Newspaper Page Text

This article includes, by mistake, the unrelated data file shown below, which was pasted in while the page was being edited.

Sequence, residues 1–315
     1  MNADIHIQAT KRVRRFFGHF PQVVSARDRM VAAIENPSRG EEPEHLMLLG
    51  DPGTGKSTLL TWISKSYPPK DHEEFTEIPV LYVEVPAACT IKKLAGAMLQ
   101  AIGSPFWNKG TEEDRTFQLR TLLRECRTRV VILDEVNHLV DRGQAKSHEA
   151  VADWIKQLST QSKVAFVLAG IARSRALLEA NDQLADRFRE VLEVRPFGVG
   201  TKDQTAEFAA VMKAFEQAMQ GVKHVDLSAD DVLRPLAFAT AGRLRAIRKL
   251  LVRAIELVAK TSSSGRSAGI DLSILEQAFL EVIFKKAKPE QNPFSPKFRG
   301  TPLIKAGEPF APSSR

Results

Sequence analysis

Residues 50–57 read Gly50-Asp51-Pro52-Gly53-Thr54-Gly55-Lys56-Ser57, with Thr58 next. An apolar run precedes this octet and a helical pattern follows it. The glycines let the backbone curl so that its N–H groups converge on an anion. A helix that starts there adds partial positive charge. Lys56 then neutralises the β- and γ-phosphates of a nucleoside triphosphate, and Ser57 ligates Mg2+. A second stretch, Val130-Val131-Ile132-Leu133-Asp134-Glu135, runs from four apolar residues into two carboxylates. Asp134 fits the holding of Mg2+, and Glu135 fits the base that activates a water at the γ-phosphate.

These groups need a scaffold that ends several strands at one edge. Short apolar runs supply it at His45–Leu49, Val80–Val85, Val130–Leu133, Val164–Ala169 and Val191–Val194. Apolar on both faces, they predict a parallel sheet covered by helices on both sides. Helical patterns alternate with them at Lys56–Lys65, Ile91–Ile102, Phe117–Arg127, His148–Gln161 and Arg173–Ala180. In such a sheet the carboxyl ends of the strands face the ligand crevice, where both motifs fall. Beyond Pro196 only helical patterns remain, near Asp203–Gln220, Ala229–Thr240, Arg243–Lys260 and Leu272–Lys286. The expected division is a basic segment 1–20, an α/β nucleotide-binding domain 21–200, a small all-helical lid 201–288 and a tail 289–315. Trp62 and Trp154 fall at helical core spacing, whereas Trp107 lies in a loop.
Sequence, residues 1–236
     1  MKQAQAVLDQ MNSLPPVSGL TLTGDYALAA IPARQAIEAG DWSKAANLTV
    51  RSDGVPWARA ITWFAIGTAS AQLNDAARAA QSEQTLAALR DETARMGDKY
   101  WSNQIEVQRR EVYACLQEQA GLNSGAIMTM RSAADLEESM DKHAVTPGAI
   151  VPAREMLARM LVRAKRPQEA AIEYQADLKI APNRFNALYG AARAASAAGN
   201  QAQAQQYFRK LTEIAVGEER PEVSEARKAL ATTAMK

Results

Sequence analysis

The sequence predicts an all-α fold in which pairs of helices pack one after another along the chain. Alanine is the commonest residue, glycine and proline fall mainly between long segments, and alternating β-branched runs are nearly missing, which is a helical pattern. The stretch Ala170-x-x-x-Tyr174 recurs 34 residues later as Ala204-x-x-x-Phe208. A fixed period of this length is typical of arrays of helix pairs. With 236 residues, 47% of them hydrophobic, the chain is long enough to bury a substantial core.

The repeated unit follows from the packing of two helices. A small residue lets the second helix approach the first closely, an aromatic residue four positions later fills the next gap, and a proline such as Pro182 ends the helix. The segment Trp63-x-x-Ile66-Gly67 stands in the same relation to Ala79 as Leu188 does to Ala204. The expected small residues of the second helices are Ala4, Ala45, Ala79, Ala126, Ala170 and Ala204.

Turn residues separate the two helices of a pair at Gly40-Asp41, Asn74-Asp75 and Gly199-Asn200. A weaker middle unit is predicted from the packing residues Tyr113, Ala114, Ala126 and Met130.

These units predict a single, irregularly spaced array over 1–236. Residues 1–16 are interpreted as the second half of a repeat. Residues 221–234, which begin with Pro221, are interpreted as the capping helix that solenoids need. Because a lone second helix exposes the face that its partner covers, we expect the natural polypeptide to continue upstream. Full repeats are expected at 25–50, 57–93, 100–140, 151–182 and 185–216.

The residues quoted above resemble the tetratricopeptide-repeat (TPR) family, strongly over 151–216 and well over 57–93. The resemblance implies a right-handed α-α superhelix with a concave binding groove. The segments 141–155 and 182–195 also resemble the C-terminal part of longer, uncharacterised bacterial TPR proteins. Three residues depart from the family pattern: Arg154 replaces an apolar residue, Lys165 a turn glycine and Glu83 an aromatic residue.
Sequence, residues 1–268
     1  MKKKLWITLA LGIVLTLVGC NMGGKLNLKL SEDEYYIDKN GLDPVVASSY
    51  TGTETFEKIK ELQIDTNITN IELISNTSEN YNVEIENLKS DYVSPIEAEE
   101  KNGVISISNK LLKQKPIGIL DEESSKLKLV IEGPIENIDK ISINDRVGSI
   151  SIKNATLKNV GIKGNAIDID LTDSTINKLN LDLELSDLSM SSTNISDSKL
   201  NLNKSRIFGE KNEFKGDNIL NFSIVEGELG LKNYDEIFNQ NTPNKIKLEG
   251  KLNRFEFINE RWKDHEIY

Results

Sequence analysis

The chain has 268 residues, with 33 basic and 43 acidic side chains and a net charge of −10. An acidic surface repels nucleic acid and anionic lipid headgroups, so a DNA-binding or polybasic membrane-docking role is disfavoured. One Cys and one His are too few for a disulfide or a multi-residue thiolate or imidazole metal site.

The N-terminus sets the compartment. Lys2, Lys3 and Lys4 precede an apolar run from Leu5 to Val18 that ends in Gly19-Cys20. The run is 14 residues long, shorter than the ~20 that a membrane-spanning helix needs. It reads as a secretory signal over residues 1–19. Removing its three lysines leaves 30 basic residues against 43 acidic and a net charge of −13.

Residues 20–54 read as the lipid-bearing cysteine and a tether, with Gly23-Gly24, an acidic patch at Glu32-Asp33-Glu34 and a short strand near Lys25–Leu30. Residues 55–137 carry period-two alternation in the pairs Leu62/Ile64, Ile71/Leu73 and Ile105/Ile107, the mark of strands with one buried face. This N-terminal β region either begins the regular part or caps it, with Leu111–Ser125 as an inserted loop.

What's Doing Over at the Pleasure Resort on the Shore of Blue Lake Mrs. Van Annan has moved into her new cottage in. Silsbee. Mrs. Orrick has returned to Bilsbee to live and spent part of last week visiting ■among her neighbors and friends. Mr. Sheldon came in from El Cajon Saturday, bringing little Ivy Rumsey so she could be here at the beginning o* school. Mrs. Rumsey will return to Silebee iv a short time. School will open Monday, October 2nd, with Miss Gray as teacher. The new school house will be occupied and Sils bee will be up with the procession so Car aa school facilities are concerned. The dance given by Mr. Rumsey at the hall last Friday night was well at tended and very much enjoyed by those -who participated. The hall is a very nice room, with a good dancing floor. The music was furnished by Mr. Rum* «cv with a zenophone. Quite a number of Colorado River sal mon have been caught lately in the lake and overflow. If the water recedes they will be easier to catch, as they be come hungry and more numerous in the water. During cool weather they are a very nice fish for eating. George House came down from Im perial this week to see h w hits ranch fared during the overflow. He found much of it still under water and jrreut gullies washed in it. Both stacks' of his hay is rotted and a total logs and tiis house is badly damaged. Mr. House's loss from the floods is a severe one and one that he can poorly with stand. The water in Bine Lake lias hegnn to fall again and it is going away on the laud south of Elder Canal, but most of the laud there is still covered with wat •er. The long continued floods have been a Berious drawback to many peo ple, as it han kept them off their places for several months. Some of the home steaders .tre applying to the government for leave of absence cm account of the overflow, as they cannot to tin ir places and can only ride over them in a boat. We hear of quite an excitement in Imperial over the creamery business. ■?}v ' ..■ i . ...... ' 1 ■ ■ - ■ .;: ; ■ ! ■ . '■■../r'SB u> A H ys^sm i^ffl^ l^&r wH S tJLffl »^HI CT^L iSS. l^hyy *^ ... %7iiiiniiifi!F %i "iiwi'lj 8 • il % H£ ■ ' I ■ .. ■;■■..■-. ■ ■ W ■ : ■ ■ ■ ■ ■;■ ■ ■; %* ■^?v ... ..... »^» J ■ .- ■ . ' ' ;' .; r,;*s % We have another car load of Buggies, Runabouts, Two-Seaters, and Light Farm I '.'.■■' :\s 2fc Wagons on the road. I- % FoV more than a year we have been endeavoring to persuade some of the relia- !£ •Ik ble factories to build us some jobs for use in this Valley. We finally induced S one of the larger iactories to take up this matter, and in this car which is coming, will ' Ifi tfc ; be some of the rigs which they have built especially for use in this Valley. S I We are also bringing out a number of the MONITOR DOUBLE DISC || & DRILLS. This is the only drill on the market which will sow alfalfa seed from : || the main hopper. It handles alfalfa perfectly as it does wheat, barley and other S %$ seeds. Everybody knows this is an alfalfa country, and every one is learning that H $ to plant alfalfa properly they must have a MONITOR DISG DRILL. | c several people wanting- to put in new plants. We believe that it would be better if they would arrange to furnish the farmers money to buy alfalfa seed and help them buy dairy cows. W t e need to help the farmers get into the dairy business first. Then the cream eries can go where they are most con venient and the farmers will trade where their money will buy the most. Silsbee should have a creamery, but we need a lot of dairy cattle first. In common with all the rest of the Valley, Si lsbee was visited last Friday by a slight sprinkle of rain. But our neighborhood whs the only one in which lightning struck or done any damage. During the storm a bolt struck the house belonging to J. F. Sears, just south of Elder No. 13, and near J. R. Havens* house. A number of shingles were knocked off the roof, the boards in the wall were shivered some and a glans window broken.. Fortunately the house was vacant at the time, Mr Sears and family not having returned from their HEADQUARTERS FOR Split Red Cedar fence Posts for The Best Quality In Lumber ■ ... The Most Economical Prices IMPERIAL LIMBER AND COMMECIAL COMPANY : J. E. HEBER, Manager Yards at Brawley, Heber and Imperial Main Office: Imperial, Cal summer outing y*;t. One day this week the little two year old child of Mr. J. A. Kramer, who lives near Dr. Fuller's place, 3 miles north of Silsbee, got poisoned by chewing an empty shot gun shell that had been charged with smokeless powder. It took suddenly sick with symptoms much like arsenic poisoning. There was vom iting, twitching of the muscles and cold extremities, followed by a comatose con dition. The parents gave the child sweet milk and ground mustard ai.d made it walk and keep awake. The treatment was heroic, but it was effect ive. The youngster threw up the poison and rallied from its effects and in a few days was apparently as well as could be. Got off Cheap He may well think he' has got off cheap, who, after having contracted constipation or iudigestion, ia still able* to perfectly restore his health. Noth. ing will do this but Dr. King's New Life Pills*. A quick, pleasant, and cer tain cure for headache, constipation, etc. 25c at all druggist; guaranteed. Texas Fever— A Short Statement of its Commonest Symptoms In view of the proposed importations of cattle into this Valley during the next few months, it will be well to be on the lookout for Texas fever. An | effort is being made te. have a Live Stock Inspector appointed for this part of the country, but as this matter lias" been before the Supervisors for nearly a year and the appointment has not been made yet, it behooves our people to -do the best they can to protect themselves. To this end it were well for them to familiarize themselves witli the symp toms of Texas fever so as to be able to detect it on its first appearance and then keep a sharp watch for this dread disease. For the purpose of putting before our readers the symptoms of tlita plague in concise form, we here* with append a short statement of the commonest phases of -this disease from the pen of Dr. J. C. 'Blackinton : "Symptoms— High temperature, from 100 F. to 109 according to. virulence of attack and ci rcu instances— most com mon ly 107/ p. . ; , r ; 1 'In^acu te form , fever may be detected l»y.; feeling ''the animal inside the front legs, close to the -body or any place .where the skin is thin and hair short. The heart quickens till it makes 100 to. 120 pulsations a minute. Normally the' heart pulsates 60 to 70 per minute. Respiration ranges from 70 to 120 per minute, normally it ranges from 25 to 30 per minute. Vision somewhat im baired and eyes abnormally bright. As disease advances animal staggers in walking; nose and lips pale, hot and dry; the animal refuses to eat, ceasea to chew and is constipated; fecea often hard balls often coated with bloody. IUUCUB. In this disease the color of the urine ia the most important diagnostics symptom. This varies from deep yel low to dark red, according to different stagey of the disease. This discolora tion is caused by the coloring matter of the blood being disintegrated by a mycro- parasite and through the kidneys passes into the urine. This mycro- parasite ia introduced into the animal by a species o( tick ; here it multiplies with great rapidity and thus causes the disease. This tick has been found on cattle in all southern states. . ••- The female has an oblong oval body, like a castor-oil bean ; of dull leaden, color due to blood red contents of the body showing through the cuticle. lt; rarely exceeds a half iiich in length and one-quarter inch wide, has four pairs of legs on the anterior lateral part of body, attaciied to the animal by mouth organs called rostrum, contain ing barbed dart in center, enabling it to stick tightly: Male, one-fiftieth size female, dark drown color, triangular shape, stronger, never engorged and more active than the female. It is found attaciied to the animal immediately under the anterior portion of female. As the female be comes engorged and mature she drops to the ground and lays as many as 2,000 eggs in some secluded spot. The period of incubation is about a mouth. At first the young ticks are of a liu'ht brown color, and have but six legs, but gradually grows darker. At this stage they are very active and tenacious of life: they may be kept alive six months corked up in a bottle without moisture or air. No further development takes place till they find a host, when they quickly become the perfect male and female. As they prefer to live on the thin skin. they are moat numerous on the neck and under the b**lly. .